In a trek that begins in New York on April 15 and scheduled for kickoff on "Good Morning America," Smith will travel in a hand-painted PT Cruiser from Chrysler, which is sponsoring the event, and pick up each piece as he travels to Key West. There, the whole will be assembled and will join an exhibition of Smith's new paintings.
It is all a tribute to the good vibes of Key West, where Hemingway wrote adventures and Audubon painted birds, where artists such as Bogan and MacNelly travel for "spiritual rejuvenation," Bogan says. "You can't swing a dead cat without hitting an art gallery," she adds.
One of those galleries liked the work of the pair and chose them to represent Virginia in this project. At 5 p.m. on April 16, the two artists are scheduled to hand over their piece to Smith at the Chrysler Museum of Art in Norfolk.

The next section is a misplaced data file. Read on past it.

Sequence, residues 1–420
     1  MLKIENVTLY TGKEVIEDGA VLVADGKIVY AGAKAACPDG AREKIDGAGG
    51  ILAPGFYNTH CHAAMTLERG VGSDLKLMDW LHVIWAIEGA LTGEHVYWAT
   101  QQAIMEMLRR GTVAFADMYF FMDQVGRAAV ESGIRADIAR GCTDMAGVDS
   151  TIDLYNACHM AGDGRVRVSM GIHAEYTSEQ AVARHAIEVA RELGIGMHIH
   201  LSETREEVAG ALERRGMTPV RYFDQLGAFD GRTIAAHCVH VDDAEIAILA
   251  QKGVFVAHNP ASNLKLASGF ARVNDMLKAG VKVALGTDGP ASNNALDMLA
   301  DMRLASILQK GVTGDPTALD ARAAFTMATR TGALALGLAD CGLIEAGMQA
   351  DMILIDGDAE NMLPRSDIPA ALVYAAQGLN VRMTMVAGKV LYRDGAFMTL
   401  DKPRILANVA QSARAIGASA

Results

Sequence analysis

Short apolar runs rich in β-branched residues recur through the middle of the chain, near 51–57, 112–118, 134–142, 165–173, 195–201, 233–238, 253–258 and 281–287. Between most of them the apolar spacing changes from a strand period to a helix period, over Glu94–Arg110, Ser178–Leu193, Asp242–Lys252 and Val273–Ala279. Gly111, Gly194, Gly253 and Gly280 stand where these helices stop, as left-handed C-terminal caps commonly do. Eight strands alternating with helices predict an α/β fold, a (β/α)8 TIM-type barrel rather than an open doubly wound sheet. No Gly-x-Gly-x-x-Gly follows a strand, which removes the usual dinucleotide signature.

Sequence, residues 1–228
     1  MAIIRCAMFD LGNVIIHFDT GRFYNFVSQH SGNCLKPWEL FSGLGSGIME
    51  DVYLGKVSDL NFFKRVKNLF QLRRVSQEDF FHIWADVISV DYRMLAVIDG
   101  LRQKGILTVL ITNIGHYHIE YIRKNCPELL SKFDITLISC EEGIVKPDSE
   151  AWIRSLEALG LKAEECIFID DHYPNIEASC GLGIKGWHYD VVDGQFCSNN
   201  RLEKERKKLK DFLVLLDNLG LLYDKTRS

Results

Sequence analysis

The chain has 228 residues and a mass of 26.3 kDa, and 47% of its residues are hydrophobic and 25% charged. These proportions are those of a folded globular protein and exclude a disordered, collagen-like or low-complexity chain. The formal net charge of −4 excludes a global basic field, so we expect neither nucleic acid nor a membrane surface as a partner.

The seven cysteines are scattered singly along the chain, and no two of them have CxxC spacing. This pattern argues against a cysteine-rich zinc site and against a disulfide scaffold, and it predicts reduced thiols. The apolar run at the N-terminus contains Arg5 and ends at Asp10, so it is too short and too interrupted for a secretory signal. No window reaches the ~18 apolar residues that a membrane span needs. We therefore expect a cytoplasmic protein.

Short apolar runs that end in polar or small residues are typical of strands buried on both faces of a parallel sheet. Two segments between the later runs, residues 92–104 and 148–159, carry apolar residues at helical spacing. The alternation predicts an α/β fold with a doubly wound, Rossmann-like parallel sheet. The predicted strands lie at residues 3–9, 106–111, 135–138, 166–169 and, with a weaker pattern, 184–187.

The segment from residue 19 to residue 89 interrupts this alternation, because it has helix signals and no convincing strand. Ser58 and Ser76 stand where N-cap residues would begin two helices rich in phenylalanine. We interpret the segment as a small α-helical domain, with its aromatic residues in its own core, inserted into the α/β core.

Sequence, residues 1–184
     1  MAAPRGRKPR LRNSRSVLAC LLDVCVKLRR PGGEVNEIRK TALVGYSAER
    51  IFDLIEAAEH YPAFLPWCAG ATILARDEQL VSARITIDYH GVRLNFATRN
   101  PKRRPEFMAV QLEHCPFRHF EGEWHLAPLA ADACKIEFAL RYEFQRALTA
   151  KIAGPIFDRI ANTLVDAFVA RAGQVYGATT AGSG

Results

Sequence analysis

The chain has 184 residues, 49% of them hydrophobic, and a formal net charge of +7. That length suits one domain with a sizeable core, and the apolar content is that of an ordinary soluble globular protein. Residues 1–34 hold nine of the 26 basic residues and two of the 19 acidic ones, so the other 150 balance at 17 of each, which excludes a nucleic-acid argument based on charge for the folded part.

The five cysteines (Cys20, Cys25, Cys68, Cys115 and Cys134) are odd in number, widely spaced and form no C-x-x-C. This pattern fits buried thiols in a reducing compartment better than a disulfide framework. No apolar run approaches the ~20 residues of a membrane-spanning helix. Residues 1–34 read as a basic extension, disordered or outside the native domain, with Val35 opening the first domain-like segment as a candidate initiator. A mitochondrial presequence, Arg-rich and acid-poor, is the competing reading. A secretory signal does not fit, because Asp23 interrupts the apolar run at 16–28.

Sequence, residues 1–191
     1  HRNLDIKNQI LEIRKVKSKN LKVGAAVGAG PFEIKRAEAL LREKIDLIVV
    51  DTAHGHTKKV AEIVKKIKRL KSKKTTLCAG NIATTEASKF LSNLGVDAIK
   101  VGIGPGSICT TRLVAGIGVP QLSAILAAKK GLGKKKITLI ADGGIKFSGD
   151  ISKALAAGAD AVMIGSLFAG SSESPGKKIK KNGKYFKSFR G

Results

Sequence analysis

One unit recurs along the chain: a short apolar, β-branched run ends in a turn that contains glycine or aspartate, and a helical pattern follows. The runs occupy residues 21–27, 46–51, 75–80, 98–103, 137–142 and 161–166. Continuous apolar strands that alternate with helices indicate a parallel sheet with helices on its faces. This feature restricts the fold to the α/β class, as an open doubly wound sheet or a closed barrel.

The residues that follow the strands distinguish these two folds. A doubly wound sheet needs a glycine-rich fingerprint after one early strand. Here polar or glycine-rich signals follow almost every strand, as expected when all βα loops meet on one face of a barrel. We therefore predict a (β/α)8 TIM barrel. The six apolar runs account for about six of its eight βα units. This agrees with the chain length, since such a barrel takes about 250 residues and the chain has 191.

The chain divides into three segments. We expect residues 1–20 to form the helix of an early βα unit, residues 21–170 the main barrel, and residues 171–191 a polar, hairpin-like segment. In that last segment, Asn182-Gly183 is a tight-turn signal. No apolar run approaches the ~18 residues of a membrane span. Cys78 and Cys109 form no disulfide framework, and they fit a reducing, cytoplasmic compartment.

As usual, Bogan and MacNelly split up the work. Bogan drew and constructed the sculpture. MacNelly painted it. Their inspiration came from Bahama Village in Key West, where most residents are black, and most are poor and feeling pushed out from an influx of wealthy home builders that has created what MacNelly calls a "white, fancy area."
Bahama Village, she says, is a pure, natural part of the island, and very Key West, as much as the bright blues and lush reds and pinks and sea-green aquas that color their work. Like the colors, MacNelly says, Key West is a free spirit. "No rules apply," she says. "That's what I love about it, is the openness of it all."